Basque Legends and Witches
origins of both the story and the legend started with the man's desire
to explain phenomena and actions that take place in the world around
him. The Basque mind was rich with imagination when it came to creating
different legends in response to the questions that came from observing
nature and immediate surroundings. Ancient legends about spirits and
pagans, monsters and subterranean animals, and especially the human or
semi-human figure known by the names of Mari, Lamia, Lady, or
Dame-names that are always used to identify witches in Basque legends.
exist a large variety of forms and representations of Mari. She is the
beautiful woman seated at the mouth of the cave, combing her hair with
a gold comb. She is the one who starts storms who disguises herself as
different species of animals. She is also the judge who tries and
condemns certain less proper behaviors such as lying, stealing, and
being too proud.
is not surprising that Mari appears in various combinations in the
names for locations, caves, springs, and so on: Mariturri, Marizulo,
many of the spirits that were called Mari in the past, were called
Lami, Lamin, or Lamin (Lamia) later. Sometimes they are women with duck
feet in the mountains, and in the coastal villages they are sirens
whose bodies are half woman and half fish. There are places in Euskadi
named after the Lamias, places like: Lamiarri, Lamiako, Lamitegi,
There are many legends about Mari, Lamias and women or witches with the same characteristics of Mari.
certain king of Navarra once solemnly promised, "I shall give my
daughter in marriage to the man who vanquishes one of my black
subjects." A man from the Muntzas farm near Abadiano accepted the king
s proposal and managed to vanquish the black man. The king kept his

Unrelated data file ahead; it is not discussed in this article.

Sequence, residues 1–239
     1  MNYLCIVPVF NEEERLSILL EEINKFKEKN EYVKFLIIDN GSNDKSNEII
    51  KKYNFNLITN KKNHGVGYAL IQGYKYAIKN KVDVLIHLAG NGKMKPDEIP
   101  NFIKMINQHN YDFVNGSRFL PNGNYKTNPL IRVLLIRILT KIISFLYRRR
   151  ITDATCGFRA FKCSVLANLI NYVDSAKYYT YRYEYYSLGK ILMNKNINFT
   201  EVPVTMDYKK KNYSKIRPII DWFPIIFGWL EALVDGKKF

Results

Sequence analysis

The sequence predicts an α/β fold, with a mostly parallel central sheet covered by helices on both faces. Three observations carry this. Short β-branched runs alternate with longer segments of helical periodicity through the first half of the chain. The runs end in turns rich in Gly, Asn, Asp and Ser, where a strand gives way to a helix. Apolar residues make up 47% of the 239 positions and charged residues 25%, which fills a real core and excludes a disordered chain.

promise and gave him his daughter's hand, and the couple moved into the
Palace of Abadiano, located in the Muntzas district.
son and a daughter were the products of that marriage. Ibon was the
older, and Mariurrika was the younger, and as such she was quite
spoiled. One day, Mariurrika and a servant had the cruel idea of
killing Ibon to claim his inheritance. With that in mind, they took him
to spend the day at Amboto. During their meal, they gave Ibon too much
wine. After he had fallen into a drunken sleep, Mariurrika and the
servant hurled him over a cliff and he died.
Mariurrika returned home, she told her parents that Ibon had an
accident and had fallen over a cliff. But she could not silence the
screaming of her conscience, which accused her of her brother's death.
That night while Mariurrika was in the kitchen, she saw devils sliding
down the chimney.
died on the spot, and ever since then, she has spent eternity flying
from the mountaintop of Amboto to the mountaintop of Oiz in the form of
a fireball. She takes refuge in two caves, one in Amboto (the cave of
Mari), and the other in Sarrimendi.
The Witches of Xuritegui
to the story, when she was a little girl Maria de Larraburu had in her
house a servant from Lesaca. This was nearly seventy years ago. One day
the servant decided to go to Lesaca to visit her family. Since there
was no clock in the house, she got the hours mixed up and set off on
her journey at night, thinking that it was almost dawn. But before she
reached Xuritegi'ko Borda (a farm in Sara), she spied a group of
witches dancing to the music of the txistu (flute) and drum.
witches shouted an invitation, "Come dance with us!" But the servant
was very frightened, and instead of joining them she ran away from
there as fast as she could.
Do Witches Exist?
night a group of women were spinning when one of them declared that she
did not believe in the existence of witches. After they finished their
work, each one left for home. The one who had affirmed that witches did
not exist was suddenly besieged by a chorus of witches shouting, "We
don't exist, eh? Well, here we all are, except for Maripetralin."
And at the same time they spoke these words, they pulled her hair from her head until she was completely bald.
The Birth of Kixmi and the Origin of Olentzero